Thirteen Moringa oleifera Lam. cultivars collected from different geographical locations in the world were cultivated at the Agricultural Research Council (ARC) experimental farm, Roodeplaat, Pretoria. The trial layout was in a randomized block design fashion with all the cultivars receiving the same management practices of no fertilizers and watering thrice a week. Eight cultivars were introduced from the World Vegetable Centre (AVRDC) in Thailand (TOT4893, TOT4951, TOT4977, TOT 5028, TOT5077, TOT5169, TOT5330 and TOT7266), one cultivar from Taiwan (TOT4100), one cultivar from USA (TOT4880) and three cultivars from South Africa [Silver Hill (SH), CHM and Limpopo].

3.2. Sample Preparation

Fresh leaf samples from each of the thirteen Moringa oleifera cultivars were separately oven dried at 50 °C for 48 h. Dried plant materials were ground into powders and extracted non-sequentially (1:20 w/v) with 50% aqueous methanol, acetone, 70% aqueous ethanol (EtOH) and water in an ultrasonic bath for 1 h. The extracts were filtered under vacuum through Whatman’s No. 1 filter paper. The extracts in 50% aqueous methanol, acetone and EtOH were concentrated under pressure using a rotary evaporator at 30 °C and completely dried under a stream of air while water extracts were freeze-dried. Fresh extracts of 50% aqueous methanol were used in the phytochemical analysis and antioxidant assays while the acetone, EtOH and water extracts were used in the antimicrobial assays (resuspended in 70% ethanol).

3.3. Bioassays

3.3.1. DPPH Radical Scavenging Activity

The DPPH radical scavenging assay was done as described by Karioti et al. [27] with modifications. Extracts of each cultivar (15 µL) at varying concentrations; 0.065, 0.26, 0.52, 1.04, 6.25, 12.5, 25 and 50 mg/mL; in triplicate, were diluted in absolute methanol (735 µL) and added to freshly prepared DPPH solution (750 µL, 50 µM in methanol) to give a final volume of 1.5 mL in the reaction mixture. The above processes were done under dimmed light and incubated at room temperature for 30 min in the dark. Absorbance of the reaction mixtures were read at 517 nm using a UV-vis spectrophotometer (Varian Cary 50, Varian Australia Pvt LTD, Sydney, Australia), with methanol as the blank solution. A standard antioxidant, ascorbic acid at varying concentrations as follows; 5, 10, 20, 40, 80 µM; were used as a positive control. A solution with the same chemicals without extracts or standard antioxidants but with absolute methanol served as the negative control. The assay was repeated twice. The free radical scavenging activity (RSA) as determined by the decolouration of the DPPH solution was calculated according to the formula:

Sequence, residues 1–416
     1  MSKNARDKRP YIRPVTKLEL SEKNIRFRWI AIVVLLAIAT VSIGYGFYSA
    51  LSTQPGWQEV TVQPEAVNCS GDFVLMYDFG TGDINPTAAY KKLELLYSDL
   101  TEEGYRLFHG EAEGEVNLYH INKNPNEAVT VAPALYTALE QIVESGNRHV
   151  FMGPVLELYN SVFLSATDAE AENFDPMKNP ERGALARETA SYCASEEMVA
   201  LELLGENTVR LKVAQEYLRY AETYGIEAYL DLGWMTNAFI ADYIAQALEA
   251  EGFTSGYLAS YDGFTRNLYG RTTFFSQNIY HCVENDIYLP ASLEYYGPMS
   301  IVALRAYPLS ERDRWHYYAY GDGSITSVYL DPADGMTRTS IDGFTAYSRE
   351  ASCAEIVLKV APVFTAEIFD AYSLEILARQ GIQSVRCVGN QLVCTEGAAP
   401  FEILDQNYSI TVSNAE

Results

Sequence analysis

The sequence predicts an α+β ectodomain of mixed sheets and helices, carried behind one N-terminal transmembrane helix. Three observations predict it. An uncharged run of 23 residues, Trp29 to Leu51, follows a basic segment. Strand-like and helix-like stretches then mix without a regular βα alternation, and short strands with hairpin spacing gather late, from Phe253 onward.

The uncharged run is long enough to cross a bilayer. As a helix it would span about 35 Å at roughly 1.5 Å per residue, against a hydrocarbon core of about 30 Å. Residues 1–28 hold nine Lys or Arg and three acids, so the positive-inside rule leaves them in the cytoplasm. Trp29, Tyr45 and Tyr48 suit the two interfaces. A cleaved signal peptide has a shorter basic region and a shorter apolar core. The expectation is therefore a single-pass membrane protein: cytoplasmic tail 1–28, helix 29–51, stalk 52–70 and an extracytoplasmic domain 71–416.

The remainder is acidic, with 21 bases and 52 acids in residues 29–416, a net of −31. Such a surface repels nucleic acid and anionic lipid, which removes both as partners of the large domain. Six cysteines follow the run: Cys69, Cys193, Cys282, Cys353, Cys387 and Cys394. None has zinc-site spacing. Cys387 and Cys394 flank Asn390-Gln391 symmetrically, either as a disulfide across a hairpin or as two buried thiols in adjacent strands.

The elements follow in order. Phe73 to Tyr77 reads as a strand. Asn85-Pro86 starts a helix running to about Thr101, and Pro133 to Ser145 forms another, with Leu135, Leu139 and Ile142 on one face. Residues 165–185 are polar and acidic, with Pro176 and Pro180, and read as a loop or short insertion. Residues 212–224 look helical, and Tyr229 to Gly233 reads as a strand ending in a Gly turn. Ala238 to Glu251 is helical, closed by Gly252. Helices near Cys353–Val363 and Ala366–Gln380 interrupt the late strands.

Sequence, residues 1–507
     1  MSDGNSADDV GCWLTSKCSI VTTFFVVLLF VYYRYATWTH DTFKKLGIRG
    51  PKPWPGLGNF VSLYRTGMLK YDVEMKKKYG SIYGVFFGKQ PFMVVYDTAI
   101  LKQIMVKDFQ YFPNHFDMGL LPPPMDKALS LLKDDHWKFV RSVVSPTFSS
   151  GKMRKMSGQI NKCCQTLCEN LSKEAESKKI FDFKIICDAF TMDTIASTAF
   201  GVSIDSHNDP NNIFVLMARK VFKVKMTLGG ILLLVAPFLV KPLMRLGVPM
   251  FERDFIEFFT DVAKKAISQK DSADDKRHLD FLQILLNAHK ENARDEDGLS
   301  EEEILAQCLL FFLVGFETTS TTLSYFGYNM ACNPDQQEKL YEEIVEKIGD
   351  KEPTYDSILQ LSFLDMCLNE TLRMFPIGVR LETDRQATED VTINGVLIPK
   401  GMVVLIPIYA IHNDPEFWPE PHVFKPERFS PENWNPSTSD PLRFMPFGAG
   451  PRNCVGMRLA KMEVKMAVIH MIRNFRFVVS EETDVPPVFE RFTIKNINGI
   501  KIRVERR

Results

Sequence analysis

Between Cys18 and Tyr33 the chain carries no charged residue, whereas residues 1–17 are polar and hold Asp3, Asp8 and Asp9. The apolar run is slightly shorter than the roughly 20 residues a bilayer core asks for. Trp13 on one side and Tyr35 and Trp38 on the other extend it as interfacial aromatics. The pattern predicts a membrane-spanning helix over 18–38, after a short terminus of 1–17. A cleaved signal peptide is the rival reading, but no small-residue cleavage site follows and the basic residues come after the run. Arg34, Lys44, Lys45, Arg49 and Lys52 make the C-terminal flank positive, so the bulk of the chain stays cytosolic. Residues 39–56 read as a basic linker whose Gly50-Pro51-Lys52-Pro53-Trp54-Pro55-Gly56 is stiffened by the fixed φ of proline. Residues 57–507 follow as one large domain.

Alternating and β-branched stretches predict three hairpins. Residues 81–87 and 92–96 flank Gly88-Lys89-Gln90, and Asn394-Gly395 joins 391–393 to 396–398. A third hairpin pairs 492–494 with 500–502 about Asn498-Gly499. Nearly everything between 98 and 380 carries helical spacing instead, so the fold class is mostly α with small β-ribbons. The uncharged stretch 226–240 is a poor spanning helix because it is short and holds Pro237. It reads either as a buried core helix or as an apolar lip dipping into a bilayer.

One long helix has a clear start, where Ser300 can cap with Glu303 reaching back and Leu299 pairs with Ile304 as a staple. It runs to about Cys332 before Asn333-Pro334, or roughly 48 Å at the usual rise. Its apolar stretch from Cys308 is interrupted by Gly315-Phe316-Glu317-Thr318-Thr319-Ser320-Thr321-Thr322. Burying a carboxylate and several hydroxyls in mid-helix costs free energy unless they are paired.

Molecules 19 10480 i001
where Abs517 sampleis the absorbance of the reaction mixture containing the resuspended cultivar extract or positive control solution, and Abs517 Neg control is the absorbance of the negative control. The EC50 (effective concentration) values, representing the amount of extract required to decrease the absorbance of DPPH by 50% was calculated from the percentage radical scavenging activity.

3.3.2. Ferric-Reducing Power Assay